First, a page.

Language is Embodied, Emotional, and Contextualized: Evidence from
Psychophysiological Studies of Bilingual Speakers

Catherine L. Harris, Ph.D.
Department of Psychology, Boston University


Julia Feld, Tufts University


To be presented at: Language, Cognition and Mind July 18-29, 2004, Portsmouth, UK

Bilingual speakers frequently report that use of their first language feels
more emotional than their second language. What is the physiological basis
of these subjective accounts? Personal emotional experiences have long been
assumed to be outside the scope of scientific research, especially those
that are subtle, variable across individuals and dependent on individual
learning experiences. The current paper takes a brain-based perspective on
the subjective experience of using language. Subjective experience can be
studied by comparing individuals' self-reported emotion with physiological
indices. The index used here is skin conductance, which corresponds to
sweating of the palms and finger-tips during emotional arousal. Prior work
has shown that skin conductance amplitudes are greater when bilinguals hear
emotional phrases in their first language compared to analogous phrases in
their second language.

The hypothesis investigated is that language comes to have a distinctive
emotional feel by virtue of being learned, or habitually used, in a
distinctive emotional context. The reason a first language is often
experienced as more emotional than a second language is because the first
language is learned in a context which is the most consistently emotional,
and least abstract, of any in human experience: the childhood context when
emotional regulation systems develop. This hypothesis was tested by
studying Mandarin-English and Spanish-English speakers who had learned their
second language (English) in early childhood, middle-childhood, or the
mid-teen years. Language was learned either via immersion, bilingual
school, or formal instruction. Participants were interviewed about their
language learning context. Skin conductance measures generally reflected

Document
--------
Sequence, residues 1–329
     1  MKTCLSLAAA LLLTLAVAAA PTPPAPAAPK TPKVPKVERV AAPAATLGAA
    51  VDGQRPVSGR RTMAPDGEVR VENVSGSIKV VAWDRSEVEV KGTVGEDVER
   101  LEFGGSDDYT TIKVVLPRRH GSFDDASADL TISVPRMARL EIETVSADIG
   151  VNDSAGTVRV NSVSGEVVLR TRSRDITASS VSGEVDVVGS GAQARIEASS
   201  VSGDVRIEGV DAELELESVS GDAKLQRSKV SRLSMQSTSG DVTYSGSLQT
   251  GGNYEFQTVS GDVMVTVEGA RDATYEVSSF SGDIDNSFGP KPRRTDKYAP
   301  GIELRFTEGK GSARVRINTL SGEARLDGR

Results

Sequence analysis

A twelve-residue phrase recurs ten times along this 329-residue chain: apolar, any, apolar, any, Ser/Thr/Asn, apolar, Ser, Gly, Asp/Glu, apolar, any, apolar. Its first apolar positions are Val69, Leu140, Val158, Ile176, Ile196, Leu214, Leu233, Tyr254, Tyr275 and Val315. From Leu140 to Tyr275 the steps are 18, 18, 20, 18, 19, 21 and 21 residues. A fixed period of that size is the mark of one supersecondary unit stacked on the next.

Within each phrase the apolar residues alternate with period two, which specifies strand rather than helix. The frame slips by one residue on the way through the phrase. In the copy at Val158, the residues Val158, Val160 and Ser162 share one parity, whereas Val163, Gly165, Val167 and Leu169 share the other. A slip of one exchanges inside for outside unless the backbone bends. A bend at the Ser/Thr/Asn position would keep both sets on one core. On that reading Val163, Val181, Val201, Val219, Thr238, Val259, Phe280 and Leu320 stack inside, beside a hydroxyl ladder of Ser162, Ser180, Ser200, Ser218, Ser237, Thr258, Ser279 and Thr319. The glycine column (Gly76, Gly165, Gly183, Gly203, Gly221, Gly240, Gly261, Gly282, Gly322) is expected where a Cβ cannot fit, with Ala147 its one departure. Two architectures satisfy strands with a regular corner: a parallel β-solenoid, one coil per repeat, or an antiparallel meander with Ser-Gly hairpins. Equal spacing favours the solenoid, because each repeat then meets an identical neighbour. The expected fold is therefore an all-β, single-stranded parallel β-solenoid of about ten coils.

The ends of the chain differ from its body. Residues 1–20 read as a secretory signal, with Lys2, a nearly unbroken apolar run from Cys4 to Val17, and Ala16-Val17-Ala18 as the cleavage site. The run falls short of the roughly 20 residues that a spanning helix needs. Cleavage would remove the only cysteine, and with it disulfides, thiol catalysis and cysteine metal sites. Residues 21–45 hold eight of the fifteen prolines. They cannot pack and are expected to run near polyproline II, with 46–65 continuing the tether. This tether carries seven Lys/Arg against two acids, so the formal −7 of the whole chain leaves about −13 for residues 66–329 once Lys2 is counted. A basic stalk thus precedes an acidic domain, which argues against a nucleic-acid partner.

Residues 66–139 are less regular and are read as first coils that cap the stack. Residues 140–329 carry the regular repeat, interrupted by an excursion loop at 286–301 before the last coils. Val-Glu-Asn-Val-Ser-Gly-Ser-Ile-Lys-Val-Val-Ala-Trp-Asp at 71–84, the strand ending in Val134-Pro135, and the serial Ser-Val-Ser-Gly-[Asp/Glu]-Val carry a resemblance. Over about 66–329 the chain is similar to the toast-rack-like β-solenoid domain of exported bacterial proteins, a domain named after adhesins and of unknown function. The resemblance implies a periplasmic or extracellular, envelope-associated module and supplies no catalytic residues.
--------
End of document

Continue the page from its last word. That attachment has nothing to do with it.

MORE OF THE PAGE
self-reported emotionality (the emotional intensity of a phrase and the
overall intensity of that language) and contexts of learning.
A case where emotional context of learning was reported to be intense even
though the language was learned late occured when L2 learners immigrate as
teenagers. Mandarin-English bilinguals reported English to be highly
emotional even when their first immersion experience was after age 18. Some
of these participants reported English to feel more emotional than Mandarin
because it is more acceptable to express emotional topics among
English-speaking peers in North America, than it is in Taiwan, Singapore or
Hong-Kong. Again, skin conductance amplitudes largely reflected these

These results establish that subjective experience has a quantifiable,
replicable physiological correlate. Findings raise the question of why the
emotional situation surrounding use of language becomes associated with
actual words and phrases. Most language learning theorists assume that
nonlinguistic correlates are stripped away during learning, allowing the
abstraction of linguistic meaning and context-independent grammatical rules.
In contrast to this view, the "emotional context of learning" hypothesis is
consistent with a radical contextualization view: language forms (words,
phrases, grammatical constructions), are always stored with their contexts
of use. Context-independence is the exception, not the norm. Learning more
about the extent to which language is embodied, rather than abstract, has
the potential to shed new light on diverse areas of language study.